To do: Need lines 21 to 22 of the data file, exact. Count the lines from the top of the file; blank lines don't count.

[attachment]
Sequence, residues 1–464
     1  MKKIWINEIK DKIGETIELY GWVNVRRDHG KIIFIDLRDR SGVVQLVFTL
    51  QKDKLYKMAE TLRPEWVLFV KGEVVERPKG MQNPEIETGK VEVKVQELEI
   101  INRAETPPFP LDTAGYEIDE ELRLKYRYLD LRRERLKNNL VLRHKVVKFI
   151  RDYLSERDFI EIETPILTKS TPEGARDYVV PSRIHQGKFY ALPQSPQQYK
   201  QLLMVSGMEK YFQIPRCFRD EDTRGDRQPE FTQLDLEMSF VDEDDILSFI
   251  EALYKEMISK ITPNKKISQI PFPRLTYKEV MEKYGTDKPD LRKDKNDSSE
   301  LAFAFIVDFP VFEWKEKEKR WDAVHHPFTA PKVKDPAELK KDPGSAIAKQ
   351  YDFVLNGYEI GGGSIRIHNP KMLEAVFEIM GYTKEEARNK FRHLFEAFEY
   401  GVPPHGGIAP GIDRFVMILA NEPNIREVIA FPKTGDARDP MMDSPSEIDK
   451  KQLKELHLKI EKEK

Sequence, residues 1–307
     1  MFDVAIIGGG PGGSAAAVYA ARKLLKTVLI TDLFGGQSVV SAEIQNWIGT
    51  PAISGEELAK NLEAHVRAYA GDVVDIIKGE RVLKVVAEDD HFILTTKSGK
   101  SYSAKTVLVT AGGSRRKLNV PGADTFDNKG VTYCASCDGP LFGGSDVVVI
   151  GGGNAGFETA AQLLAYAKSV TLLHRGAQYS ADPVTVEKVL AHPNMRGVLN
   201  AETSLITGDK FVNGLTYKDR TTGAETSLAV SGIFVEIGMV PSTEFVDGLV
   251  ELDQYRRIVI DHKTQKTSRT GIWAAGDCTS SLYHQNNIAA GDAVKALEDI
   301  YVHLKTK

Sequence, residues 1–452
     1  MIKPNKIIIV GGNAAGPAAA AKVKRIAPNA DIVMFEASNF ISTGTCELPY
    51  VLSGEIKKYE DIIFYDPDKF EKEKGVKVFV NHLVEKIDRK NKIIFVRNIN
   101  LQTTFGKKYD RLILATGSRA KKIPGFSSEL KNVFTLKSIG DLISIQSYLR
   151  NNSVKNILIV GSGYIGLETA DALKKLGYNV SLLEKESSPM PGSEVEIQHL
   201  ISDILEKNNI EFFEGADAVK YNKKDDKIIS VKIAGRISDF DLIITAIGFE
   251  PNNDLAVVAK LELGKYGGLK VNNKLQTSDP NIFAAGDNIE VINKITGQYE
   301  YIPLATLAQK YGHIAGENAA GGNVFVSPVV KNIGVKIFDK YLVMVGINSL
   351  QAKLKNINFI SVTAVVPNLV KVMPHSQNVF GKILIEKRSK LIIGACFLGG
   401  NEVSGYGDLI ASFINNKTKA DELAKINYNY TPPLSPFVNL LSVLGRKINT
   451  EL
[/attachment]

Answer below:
     1  MIKPNKIIIV GGNAAGPAAA AKVKRIAPNA DIVMFEASNF ISTGTCELPY
    51  VLSGEIKKYE DIIFYDPDKF EKEKGVKVFV NHLVEKIDRK NKIIFVRNIN